Seeming Paradoxes

Paradoxes are related to the subject of a previous post of mine, “Training with reasonable extremes…“. Sometimes you have to think or do one thing, to get a seemingly dissimilar or even opposite thing to happen. Sometimes it’s in real time; sometimes the paradox is only seen through training over a period of time.

Example: Student “Hal” is a rocker. When he started studying two years ago his voice was raspy and unfocused, with a hole in the middle where the registers did not meet. He had a diagnosis of nodules, but the blessing of the throat doctor to take voice lessons. As Hal’s voice improved in many ways technically, the advice and exercises I gave early on were not the same I gave later. Now that his voice is becoming stronger in general, and the registers are stronger and integrating better, there are instructions I give for further strength-building that seem contradictory to what I gave two years ago.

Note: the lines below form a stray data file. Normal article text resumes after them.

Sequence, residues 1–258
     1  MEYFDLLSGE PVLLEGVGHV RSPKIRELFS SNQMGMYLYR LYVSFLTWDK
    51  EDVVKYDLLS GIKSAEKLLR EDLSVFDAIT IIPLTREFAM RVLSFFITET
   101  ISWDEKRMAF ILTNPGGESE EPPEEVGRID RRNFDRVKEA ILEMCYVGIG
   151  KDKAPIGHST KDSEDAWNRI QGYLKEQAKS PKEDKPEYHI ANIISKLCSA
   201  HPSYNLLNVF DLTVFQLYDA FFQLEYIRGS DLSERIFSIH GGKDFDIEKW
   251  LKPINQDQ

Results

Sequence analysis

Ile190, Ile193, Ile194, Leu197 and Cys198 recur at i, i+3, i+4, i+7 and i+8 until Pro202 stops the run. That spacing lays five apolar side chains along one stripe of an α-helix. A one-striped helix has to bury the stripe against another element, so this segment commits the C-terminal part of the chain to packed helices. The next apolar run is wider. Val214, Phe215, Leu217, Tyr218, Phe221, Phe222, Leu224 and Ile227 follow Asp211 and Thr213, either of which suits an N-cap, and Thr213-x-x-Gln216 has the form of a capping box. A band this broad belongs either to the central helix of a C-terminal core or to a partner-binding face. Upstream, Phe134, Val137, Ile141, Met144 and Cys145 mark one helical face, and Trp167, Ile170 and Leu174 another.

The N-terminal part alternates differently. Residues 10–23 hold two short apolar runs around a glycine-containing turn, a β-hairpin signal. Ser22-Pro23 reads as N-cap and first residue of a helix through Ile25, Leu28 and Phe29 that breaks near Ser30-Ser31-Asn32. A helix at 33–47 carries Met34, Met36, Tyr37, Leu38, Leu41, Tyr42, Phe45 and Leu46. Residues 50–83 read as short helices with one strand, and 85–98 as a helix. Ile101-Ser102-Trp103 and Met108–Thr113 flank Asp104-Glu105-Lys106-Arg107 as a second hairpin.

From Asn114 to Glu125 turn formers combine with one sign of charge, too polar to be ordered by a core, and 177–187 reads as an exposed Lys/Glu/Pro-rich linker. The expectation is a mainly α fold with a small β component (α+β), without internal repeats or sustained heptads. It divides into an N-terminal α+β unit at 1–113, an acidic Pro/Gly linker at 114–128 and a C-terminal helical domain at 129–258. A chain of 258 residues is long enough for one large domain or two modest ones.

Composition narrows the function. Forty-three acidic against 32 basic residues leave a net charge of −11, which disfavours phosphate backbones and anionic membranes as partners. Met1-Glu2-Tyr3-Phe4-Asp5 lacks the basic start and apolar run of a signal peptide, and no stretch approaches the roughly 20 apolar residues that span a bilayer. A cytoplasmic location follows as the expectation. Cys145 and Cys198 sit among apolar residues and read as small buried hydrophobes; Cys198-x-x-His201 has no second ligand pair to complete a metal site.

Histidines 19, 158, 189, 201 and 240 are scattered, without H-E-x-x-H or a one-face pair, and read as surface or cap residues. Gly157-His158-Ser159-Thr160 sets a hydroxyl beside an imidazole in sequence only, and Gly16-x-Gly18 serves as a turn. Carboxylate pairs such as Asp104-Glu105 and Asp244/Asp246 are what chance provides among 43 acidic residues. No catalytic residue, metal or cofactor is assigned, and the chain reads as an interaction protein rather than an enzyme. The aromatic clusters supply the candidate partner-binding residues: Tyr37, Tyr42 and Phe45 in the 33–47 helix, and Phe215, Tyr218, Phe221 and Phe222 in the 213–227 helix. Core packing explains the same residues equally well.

Well, they ARE contradictory. Working on resonance issues with a constricted, raspy, recovering voice is not usually appropriate. Working on them with a well-functioning voice usually IS appropriate, if they are interested in getting a stronger sound and greater endurance. Some of the sounds that I ask for in order to build more strength in the tone, or as a counterbalance for certain kinds of singing, would actually harm a voice like Hal’s two years ago. Now they are what he needs, as he builds endurance and a bigger palette of sounds for his musical expression.

Many singers and teachers also perceive paradoxes related to sensations felt during the act of singing such as “I think down to go up.” or “The loud is built upon the soft.” or “Retain the sensation of inhaling while you sing.” Some work as instructions and some don’t. Paradoxes are in the eye of the beholder, and we as unique people don’t all think and feel alike. Trying to make a paradox happen is a confusion of cause and effect. They are usually best noticed as they happen, and can’t be well understood before they happen.

Use them with care, but know that they’re there.

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